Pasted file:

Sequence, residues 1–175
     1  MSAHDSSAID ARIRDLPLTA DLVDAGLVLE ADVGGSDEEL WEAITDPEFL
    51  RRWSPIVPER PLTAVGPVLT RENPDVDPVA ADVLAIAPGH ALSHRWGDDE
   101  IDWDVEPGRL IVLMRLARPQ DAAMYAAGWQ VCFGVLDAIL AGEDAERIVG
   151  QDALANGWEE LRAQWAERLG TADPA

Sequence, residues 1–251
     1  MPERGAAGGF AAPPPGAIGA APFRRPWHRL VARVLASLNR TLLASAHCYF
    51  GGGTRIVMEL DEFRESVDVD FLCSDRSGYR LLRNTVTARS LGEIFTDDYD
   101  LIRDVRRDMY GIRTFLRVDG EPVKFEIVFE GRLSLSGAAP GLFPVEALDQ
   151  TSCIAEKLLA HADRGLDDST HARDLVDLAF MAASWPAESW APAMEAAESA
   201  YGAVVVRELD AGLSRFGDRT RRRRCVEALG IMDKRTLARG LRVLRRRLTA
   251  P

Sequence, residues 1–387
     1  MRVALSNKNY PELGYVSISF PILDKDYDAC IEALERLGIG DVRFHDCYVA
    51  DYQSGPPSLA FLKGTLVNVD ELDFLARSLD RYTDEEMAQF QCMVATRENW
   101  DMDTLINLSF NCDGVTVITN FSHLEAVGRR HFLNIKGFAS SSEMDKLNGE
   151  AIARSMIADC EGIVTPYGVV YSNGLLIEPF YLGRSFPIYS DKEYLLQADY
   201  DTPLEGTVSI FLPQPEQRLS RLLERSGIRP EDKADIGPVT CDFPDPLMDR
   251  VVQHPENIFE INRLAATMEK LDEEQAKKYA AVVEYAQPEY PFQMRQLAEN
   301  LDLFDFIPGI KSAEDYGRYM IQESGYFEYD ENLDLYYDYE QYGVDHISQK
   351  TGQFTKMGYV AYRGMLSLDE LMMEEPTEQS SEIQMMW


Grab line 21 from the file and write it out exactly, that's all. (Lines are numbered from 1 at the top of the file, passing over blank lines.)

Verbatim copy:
   351  TGQFTKMGYV AYRGMLSLDE LMMEEPTEQS SEIQMMW